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Auckland Half Marathon recap

It was 6AM and I had been up for 1h30. That’s gotta be a good enough excuse for this pose.

Suppose you had asked me a couple of days ago if I was able to get out of bed at 4:30AM. I don’t know why you’d ask me that either but just play along, please. Anyway, I probably would have laughed at the idea for a solid minute or two before letting you know that, no, it was never going to happen. Especially on a Sunday.

Yesterday, Sunday, my alarm woke me up at 4:30. It was pitch black outside and the cat gave me hateful look when I accidentally woke her up. I couldn’t really blame her. There didn’t seem to be enough coffee in the world to help me cope with that kind of sacrifice. But then I got into my bright clothes, green tutu included, swallowed some coffee and a bagel and the world seemed a little better.

As we made our way to the ferry terminal in downtown Auckland to catch the ferry to Devonport, where the start line was, the only non-running people around us hadn’t actually gone home from their night out yet. I felt less normal than the girls in dresses three sizes too small trying not to vomit on the footpath. It didn’t matter that I was wearing a running headband that said “I run so I can drink”, I was still among the weird people getting up at that time to go for a run. And I liked it.

We arrived in Devonport with plenty of time to spare, the sun was yet to come up and the single-digit temperature was trying to disguise the warm day we’d have ahead of us. The only consolation was that we got to be near the start line to watch the participants of the full marathon. I couldn’t imagine what was going through people’s minds as they got ready to run 42.2km but seeing them certainly helped me get excited about the idea of running half of that. There was a little schadenfreude in knowing that at least I wasn’t in their shoes.

Plus, I was about to run another half marathon in the city I live in these days (this time, across the bridge), only three weeks after running an amazing half marathon in the city that will always be home. So life was good. I just wished all these thoughts were coming to my mind a couple of hours later, after a longer night’s sleep.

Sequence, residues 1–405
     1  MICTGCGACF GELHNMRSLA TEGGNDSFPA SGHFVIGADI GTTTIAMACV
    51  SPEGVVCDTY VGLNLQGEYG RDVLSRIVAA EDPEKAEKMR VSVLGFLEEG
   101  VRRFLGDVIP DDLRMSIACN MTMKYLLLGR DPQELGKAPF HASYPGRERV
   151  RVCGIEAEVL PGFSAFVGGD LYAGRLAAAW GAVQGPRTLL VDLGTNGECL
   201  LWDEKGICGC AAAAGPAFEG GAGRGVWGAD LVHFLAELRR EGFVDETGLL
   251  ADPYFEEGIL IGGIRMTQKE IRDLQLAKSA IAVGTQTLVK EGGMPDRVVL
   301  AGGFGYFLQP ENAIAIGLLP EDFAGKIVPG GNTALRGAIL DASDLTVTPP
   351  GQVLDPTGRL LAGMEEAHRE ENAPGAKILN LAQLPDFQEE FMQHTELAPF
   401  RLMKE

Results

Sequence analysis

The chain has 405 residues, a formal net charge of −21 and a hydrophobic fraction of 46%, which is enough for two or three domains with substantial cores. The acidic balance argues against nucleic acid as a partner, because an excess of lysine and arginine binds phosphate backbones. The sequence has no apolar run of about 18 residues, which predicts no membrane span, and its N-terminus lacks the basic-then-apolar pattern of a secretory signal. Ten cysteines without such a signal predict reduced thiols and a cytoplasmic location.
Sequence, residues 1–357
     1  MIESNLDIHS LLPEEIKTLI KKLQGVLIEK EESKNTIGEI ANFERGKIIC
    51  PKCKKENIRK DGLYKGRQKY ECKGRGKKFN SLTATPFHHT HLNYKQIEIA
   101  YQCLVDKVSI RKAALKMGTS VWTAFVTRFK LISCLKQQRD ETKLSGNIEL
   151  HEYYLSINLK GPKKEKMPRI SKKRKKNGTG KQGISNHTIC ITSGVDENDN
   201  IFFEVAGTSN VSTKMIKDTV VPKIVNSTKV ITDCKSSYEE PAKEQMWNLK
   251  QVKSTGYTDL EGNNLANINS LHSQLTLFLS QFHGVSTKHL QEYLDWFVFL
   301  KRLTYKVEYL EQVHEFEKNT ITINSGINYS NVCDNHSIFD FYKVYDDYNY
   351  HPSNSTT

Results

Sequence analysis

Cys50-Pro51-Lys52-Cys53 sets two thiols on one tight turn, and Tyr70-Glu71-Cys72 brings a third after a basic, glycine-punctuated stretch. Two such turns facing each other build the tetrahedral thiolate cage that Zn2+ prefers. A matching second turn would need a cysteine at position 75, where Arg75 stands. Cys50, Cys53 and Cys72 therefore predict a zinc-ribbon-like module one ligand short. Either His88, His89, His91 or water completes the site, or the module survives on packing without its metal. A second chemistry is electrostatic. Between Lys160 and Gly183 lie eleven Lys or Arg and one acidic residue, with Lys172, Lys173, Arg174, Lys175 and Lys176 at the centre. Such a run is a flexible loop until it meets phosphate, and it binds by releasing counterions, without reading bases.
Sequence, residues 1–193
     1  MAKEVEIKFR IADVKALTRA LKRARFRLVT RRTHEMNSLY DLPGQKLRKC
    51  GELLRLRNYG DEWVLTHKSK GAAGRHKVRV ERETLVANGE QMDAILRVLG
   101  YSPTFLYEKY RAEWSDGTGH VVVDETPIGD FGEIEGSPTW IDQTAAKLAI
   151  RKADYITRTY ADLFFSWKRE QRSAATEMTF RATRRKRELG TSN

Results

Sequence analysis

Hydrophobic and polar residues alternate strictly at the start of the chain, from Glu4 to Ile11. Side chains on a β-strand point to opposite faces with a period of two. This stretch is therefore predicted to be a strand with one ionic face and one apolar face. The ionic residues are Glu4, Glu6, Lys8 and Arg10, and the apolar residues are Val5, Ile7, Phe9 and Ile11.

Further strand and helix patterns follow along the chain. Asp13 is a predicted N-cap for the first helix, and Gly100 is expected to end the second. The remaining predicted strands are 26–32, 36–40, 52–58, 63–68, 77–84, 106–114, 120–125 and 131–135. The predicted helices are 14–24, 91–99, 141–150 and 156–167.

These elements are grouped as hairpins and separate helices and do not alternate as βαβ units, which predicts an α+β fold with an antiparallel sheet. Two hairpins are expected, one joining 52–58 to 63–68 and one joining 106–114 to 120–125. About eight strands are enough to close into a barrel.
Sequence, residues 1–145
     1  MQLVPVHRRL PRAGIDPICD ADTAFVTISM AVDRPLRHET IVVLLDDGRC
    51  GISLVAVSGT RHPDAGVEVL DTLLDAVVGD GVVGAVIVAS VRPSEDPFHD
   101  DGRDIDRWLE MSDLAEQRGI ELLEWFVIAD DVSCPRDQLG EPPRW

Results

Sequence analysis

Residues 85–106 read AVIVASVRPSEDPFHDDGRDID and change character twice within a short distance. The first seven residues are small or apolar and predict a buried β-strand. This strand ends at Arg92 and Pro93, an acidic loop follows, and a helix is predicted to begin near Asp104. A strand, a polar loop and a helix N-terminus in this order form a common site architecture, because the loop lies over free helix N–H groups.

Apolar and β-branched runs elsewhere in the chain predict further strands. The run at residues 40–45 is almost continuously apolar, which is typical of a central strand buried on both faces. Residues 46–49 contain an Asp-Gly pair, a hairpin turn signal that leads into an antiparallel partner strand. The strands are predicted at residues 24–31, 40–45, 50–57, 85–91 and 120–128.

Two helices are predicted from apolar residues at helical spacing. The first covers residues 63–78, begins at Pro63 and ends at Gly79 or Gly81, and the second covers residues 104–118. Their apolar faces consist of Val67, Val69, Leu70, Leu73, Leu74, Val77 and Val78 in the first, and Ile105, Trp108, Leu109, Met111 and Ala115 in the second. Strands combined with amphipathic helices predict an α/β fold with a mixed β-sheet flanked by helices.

We started off running at 7AM. Approximately 5 seconds later, I hit the button on the GPS watch to start tracking and it immediately crashed. It refused to come on again so I had to resort to the iPod, which is far less accurate. I got over my little first world problem pretty quickly. The bright tutu meant that I got a lot more support from other people (runners and watchers) throughout the run. I quickly realised that running in costumes is definitely the way to go, if you need a little extra motivation. And if you don’t mind looking ridiculous in public, which I obviously don’t.

The good weather meant we had thousands and thousands of people watching and cheering for all of us, which was, as usual, more helpful than any training session. This was handy considering my training turned out to be non-existent. Somehow, time flew by since Lisbon three weeks ago and I did nothing but a couple of short runs. I figured nothing could be worse than running in that Lisbon heat and I was right.